So I left these directions with my very intelligent, college educated father. Next night I get a call... whaddaya know?? The Old Man actually pulled it off... he had cooked it and it was cooling by the time he called me. It turned out just right. I got another call just a little while later; he had cut into it and was tearing through his first slice. And loving it. I couldn't help but be proud of him... this was a huge step for him. We talked for a few minutes, had a few laughs, and then I got back to whatever it was I was doing and he did the same. About an hour later I get another call. It's Dad again. "Johnny, my boy... I'm not sure how to tell you this... I ate the whole thing" he said with a little guilt to his voice. I couldn't help but laugh. I had, on more than one occasion, done exactly the same. I was sure he did it just like I did: the initial meal from the first sitting would usually account for a quarter to a third of the entire pie; as the night wore on and the pie sat on the kitchen table, I would begin to nickel and dime it to death... sliver by sliver till there was just a small piece left... "How could I leave that? What am I gonna do, tease myself with a nibble tomorrow?" I would justify it to myself as I cleaned the (pie) plate.

We had a lot of laughs, me and Dad... there were times when I would call him in the morning before I left for work- he was always up early to go to work too- if I thought of something funny... just a few minutes and the day was started with a laugh for both of us. He was a great guy, my Dad.

Nine years ago today, it was a Saturday night, Dad died. The big C snuck up on him and took him just a few days after it was found. I still remember going to see him on Friday night... and then Saturday, I brought him lunch from his best buddy's restaurant: a club sandwich, some well done fries with an ice cold Pepsi. In spite of the seriousness of the situation, or maybe because of it, we shared more than our usual amount of laughs. During a rare serious moment, I apologized for the times I had acted like a stupid kid, especially when I was old enough to know better. Dad looked me straight in the eye and told me to stop right there... I was just a young man growing up and those things were bound to happen... here he was, in the state he was in, giving me a pass, offering me absolution for transgressions that I knew then had hurt him so much... hell of a guy, my Old Man- he was all Man.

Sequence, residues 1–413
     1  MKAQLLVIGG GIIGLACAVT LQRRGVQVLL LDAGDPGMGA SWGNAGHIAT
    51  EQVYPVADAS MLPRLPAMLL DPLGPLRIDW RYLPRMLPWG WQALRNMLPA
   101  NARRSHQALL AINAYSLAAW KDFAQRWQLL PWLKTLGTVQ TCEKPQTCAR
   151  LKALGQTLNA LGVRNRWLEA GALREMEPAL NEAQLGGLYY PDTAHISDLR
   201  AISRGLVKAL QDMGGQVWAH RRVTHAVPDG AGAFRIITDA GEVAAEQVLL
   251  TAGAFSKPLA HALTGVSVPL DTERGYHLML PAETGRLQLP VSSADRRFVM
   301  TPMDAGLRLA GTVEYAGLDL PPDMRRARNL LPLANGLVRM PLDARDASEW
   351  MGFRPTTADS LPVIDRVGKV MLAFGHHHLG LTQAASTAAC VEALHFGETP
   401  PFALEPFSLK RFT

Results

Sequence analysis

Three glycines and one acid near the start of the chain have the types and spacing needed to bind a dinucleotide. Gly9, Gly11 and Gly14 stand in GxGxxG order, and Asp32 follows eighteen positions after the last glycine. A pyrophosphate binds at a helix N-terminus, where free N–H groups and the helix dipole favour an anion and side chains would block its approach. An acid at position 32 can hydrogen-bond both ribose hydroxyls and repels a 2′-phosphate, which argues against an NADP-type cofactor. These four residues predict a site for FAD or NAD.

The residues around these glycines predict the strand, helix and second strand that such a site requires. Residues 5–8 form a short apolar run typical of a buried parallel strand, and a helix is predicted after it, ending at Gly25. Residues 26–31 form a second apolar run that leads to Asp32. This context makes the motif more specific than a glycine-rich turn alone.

I know he's off somewhere with Mom right now having the longest picnic ever heard of. He brought the radio and she brought a basket with a little bit of all the things she ever made that he loved... and they're just catching up on old times, waiting patiently for their boys to show up.

So here's one for my Dad. If you find yourself in need of an easy recipe to follow, one that even my no-cookin' Dad could manage to throw together and enjoy, then try this one. I know you're gonna love it. And set out an extra slice... you never know who may drop in. 'Cause Johnny Tomatoes says so!!


Proud Italian Cook said...

Hold on, I need a kleenex! What a great tribute you gave to your Dad Johnny T. But then the apple dosen't fall far from the tree, and after reading this I would say that statement is very true! You need to write a book, I love the sincere and gut honest quality of your writing. Please keep it up!
Take care,

Anonymous said...

Touching post, Johnny T. The love of family really shines through. Keep writing ;)

The Food Hunter said...

Johnny this brought tears to my eyes. What a nice memorial to your dad. I enjoy your posts so much. I'd like to share a blog award with you. Please stop by and pick it up.

I can't wait to read your next post.

Johnny Tomatoes said...

Thank you all so much... Dad really was a great guy. I'm glad I could share this with people... makes me feel good to pass it on.
Hunter- my first award... I am really grateful; it is nice to know that I may have contributed in some small way...
Thank you to everyone who stopped by... you keep reading and I'll keep writing

Johnny T